By on March 24, 2015

2015 Volkswagen Jetta TDI Highline brown

Diesel hasn’t had the best reputation in the United States since the early 1980s. A new report says this attitude has changed as of late.

According to Edmunds, IHS Automotive found in its report for the Diesel Technology Forum a double-digit increase in U.S. new-diesel registrations, jumping 13.5 percent between 2013 and 2014. Total diesel registrations in 2014 came to 7.4 million vehicles. California, Massachusetts and Nevada lead the rest of the country in those registrations.

Greater fuel economy, cleaner diesel technology, and more vehicles with diesels — like the BMW X5, Volkswagen Jetta and Chevrolet Cruze — are helping to fuel the spike in registrations, despite diesel still being more expensive at the pump per gallon than regular gasoline.

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39 Comments on “Report: US New-Diesel Registrations On The Rise...”


  • avatar
    Pch101

    “According to Edmunds, IHS Automotive found in its report for the Diesel Technology Forum a double-digit increase in U.S. new-diesel registrations, jumping 13.5 percent between 2013 and 2014 to 7.4 million vehicles.”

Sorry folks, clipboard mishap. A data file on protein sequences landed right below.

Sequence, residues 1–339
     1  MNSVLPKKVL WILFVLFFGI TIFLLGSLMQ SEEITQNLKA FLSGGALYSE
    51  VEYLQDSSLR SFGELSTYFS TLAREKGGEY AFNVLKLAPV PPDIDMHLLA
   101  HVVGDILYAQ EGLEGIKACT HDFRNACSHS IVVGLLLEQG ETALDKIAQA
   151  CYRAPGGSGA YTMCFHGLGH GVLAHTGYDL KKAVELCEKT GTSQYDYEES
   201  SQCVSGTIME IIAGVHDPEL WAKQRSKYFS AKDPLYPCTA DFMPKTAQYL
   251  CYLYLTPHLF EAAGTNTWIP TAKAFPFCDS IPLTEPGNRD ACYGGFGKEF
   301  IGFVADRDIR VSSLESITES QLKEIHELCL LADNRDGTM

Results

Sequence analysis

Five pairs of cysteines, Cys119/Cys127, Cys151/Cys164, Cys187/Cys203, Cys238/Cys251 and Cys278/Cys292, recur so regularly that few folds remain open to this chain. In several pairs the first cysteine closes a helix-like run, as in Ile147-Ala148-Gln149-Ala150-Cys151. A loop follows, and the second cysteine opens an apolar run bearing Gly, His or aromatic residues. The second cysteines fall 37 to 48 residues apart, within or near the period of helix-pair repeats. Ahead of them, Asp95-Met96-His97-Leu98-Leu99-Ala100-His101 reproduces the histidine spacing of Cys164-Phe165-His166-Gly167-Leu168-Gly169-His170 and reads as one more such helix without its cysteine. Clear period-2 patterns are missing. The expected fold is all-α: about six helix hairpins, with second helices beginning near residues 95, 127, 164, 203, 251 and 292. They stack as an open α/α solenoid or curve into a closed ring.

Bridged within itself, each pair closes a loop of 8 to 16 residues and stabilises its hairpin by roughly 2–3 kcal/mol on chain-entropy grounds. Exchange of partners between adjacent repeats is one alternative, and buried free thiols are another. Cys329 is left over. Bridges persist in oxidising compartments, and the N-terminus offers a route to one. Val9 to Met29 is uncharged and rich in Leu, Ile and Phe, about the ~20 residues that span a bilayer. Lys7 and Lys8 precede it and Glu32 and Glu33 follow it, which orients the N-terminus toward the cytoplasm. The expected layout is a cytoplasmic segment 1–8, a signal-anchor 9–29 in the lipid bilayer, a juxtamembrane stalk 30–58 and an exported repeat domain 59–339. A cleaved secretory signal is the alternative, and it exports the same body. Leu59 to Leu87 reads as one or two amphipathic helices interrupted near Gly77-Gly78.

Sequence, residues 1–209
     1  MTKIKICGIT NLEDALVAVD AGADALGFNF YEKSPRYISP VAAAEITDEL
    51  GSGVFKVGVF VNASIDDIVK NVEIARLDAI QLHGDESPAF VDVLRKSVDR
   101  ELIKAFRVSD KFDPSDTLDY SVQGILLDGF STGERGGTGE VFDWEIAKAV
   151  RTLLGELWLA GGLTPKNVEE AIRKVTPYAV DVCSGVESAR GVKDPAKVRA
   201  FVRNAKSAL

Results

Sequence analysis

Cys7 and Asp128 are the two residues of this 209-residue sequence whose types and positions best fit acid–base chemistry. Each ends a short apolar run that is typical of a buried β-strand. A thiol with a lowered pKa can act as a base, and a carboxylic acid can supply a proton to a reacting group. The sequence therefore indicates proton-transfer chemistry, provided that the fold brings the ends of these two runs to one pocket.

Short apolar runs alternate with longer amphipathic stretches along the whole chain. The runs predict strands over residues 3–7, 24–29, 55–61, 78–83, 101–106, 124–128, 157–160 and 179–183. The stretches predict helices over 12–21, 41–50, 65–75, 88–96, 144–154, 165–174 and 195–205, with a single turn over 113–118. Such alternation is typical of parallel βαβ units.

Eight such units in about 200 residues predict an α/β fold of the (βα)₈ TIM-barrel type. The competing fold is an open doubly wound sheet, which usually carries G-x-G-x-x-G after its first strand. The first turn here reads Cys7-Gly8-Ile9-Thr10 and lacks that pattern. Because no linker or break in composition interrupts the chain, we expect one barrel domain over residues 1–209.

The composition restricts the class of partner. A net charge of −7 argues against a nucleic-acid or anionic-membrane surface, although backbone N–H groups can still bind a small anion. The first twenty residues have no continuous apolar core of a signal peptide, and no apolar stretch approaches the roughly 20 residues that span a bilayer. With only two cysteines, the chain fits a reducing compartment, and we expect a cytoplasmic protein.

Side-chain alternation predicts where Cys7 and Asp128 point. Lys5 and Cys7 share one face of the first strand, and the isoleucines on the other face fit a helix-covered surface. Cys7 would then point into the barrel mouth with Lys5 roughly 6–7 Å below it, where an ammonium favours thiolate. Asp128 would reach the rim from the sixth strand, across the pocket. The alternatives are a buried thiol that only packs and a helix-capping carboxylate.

There is no way that there were 7.4 million new diesels sold in the US last year. The 7.4 million must refer to total vehicle registrations, not new 2014 vehicles.

    HybridCars.com reports 2014 total new “clean diesel” car and SUV/CUV registrations of 138,174 units. (That figure does not include pickups.)

  • avatar
    seth1065

    Gotta agree the number is off, I doubt there are 7.4 million non commercial trucks oil burners out there, when I bought my TDI wagon from VW in 2011, I think about one percent of all cars were oil burners, diesels cost more up front, you tend to get the premium back when you sell, I get a real world 42 MPG with my car and I am not driving for mileage, the 600 miles to a tank is wonderful as well. I am driving about 30k a year so it makes sense for me, but I doubt it does for most people when you factor in the up front premium and the cost of higher fuel vs gas. BTW I thought the cruz diesel was dead moving forward.

    • 0 avatar
      tuffjuff

      @seth1065

      How has the reliability been? I’ve been considering a diesel Touareg for a loooong time, but I am too big of a wuss to spend $30k for fear of having it in the shop all the time.